At the end I’m lying here with the warmth of my bedcovers clutching them to me closely. I sink into the bed and soak up the comfort of the moment. From my bedroom I can hear the early birds and this draws my attention to the window. The white shutters let in sunlight but I can see a glimpse of the blue sky and marshmallow clouds.
I pull back the covers, sit up and rub my eyes. Swinging my legs out of the bed and placing my feet on the cold bare wooden floorboards, I stretch, and walk towards the door. My cat Darcee a British Shorthair joins me and we both grace the staircase down to the farmhouse kitchen.
Suddenly a feeling of solitary confinement engulfs me and just for a minute I’m taken back to that dark place and have a momentary flashback of my childhood nightmare.
A dark descent falls upon me and I see my adopted father stooping over me like a giant in my bedroom. He wakes me from my sleep with his presence and actions. From within the walls of the dark room somewhere I muster up the strength to tell him to leave me alone and go away. I’m a child of about 7. I cant remember a lot of things as I have removed things from my memory subconsciously as part of my survival. However, I do recall this as a defining moment. He leaves me alone and goes back to his bedroom where my adopted mother lies.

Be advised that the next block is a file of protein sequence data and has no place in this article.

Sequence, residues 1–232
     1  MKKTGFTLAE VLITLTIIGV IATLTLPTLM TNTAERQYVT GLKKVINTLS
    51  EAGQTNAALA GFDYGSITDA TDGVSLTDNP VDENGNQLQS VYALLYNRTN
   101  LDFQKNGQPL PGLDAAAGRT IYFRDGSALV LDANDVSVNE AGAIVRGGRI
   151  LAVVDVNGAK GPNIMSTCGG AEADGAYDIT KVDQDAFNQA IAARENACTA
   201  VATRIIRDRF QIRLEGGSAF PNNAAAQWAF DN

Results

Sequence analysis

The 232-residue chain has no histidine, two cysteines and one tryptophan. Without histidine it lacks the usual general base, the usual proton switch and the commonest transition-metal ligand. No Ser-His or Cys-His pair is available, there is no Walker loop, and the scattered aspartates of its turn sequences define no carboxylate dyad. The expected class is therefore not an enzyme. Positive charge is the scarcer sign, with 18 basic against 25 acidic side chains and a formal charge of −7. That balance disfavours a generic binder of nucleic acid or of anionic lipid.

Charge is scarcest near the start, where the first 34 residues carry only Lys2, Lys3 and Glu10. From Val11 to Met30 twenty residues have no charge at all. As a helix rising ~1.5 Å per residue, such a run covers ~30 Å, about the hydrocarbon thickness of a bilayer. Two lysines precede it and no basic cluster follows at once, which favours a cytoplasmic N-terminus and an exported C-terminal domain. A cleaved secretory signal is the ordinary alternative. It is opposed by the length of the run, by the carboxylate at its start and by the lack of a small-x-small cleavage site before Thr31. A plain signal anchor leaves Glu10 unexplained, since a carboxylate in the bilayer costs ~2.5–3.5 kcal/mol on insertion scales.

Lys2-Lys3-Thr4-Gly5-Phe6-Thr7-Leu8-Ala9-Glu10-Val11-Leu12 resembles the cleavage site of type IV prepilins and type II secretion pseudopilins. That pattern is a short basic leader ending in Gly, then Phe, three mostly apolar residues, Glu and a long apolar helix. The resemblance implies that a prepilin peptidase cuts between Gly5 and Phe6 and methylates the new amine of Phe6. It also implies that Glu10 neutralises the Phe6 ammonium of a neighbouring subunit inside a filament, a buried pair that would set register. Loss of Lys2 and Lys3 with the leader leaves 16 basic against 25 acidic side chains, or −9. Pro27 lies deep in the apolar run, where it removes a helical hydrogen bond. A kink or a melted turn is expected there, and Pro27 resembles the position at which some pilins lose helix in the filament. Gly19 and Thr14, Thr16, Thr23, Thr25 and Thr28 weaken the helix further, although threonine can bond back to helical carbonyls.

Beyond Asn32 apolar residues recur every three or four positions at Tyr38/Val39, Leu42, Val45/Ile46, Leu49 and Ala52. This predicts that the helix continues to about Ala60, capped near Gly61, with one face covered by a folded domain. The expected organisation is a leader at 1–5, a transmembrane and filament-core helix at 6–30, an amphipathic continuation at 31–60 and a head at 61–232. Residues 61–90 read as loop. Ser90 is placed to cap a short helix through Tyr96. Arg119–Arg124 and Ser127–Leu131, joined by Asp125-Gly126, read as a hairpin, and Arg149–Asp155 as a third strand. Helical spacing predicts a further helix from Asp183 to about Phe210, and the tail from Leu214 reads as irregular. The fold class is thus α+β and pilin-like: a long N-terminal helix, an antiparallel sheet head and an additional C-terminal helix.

I wont leave it there. I’m a gutsy little girl and I know right from wrong and this is wrong. I follow him down the long corridor to his bedroom. I shout to my adopted mother that he has been in my room. I cant say much more because I cant really articulate what has happened other than knowing its wrong. I’m hoping that she will take me seriously and help me. Please help me. She stirs in the bed and when he says I just wanted my window opening and there is nothing to worry about she goes back to sleep.
I’m left there in despair. The only one person I thought could help me has just added to the violation. I’m alone. Its the end.
I’m left bewildered, alone, isolated and insecure. You know at that moment in time I age about 15 years. There’s a lot to be said about the old adage of “old head on young shoulders”.
I suddenly come back to the present and to the sound of the kettle boiling noisily I make a cup of coffee and breathe in the strong aroma and clear my thoughts. Thoughts that have never left me and are never far away and constantly causing me to grapple with the reality of the whole situation.
This is the end…..
Ok. I don’t know who’s out there but this is the start of my journey with you and although I’m alone right now I know there’s more people out there so I can’t wait for you to join me and go forward with me to the road of recovery. It’s quite apt that I should talk about roads/and paths because in each of us we have to chose subconsciously which direction we go in and by taking those footsteps we set off on the road/path of recovery. We may look for signs along the way, for directions and even ask people we don’t even know what direction we should take and even though meeting them on this one encounter we trust their judgment in telling us where to go. This pretty much sums up life. Do we go up or down around in circles up and down hill. My life has been an emotional rollercoaster and I guess many of you may feel that way too. I’ll be sharing with you over the months how my life had gone down many roads and paths to bring me where I am today.
My last thought of inspiration for you: what ever place your in there is a better life and way just be strong and hold on.
Speak tomorrow x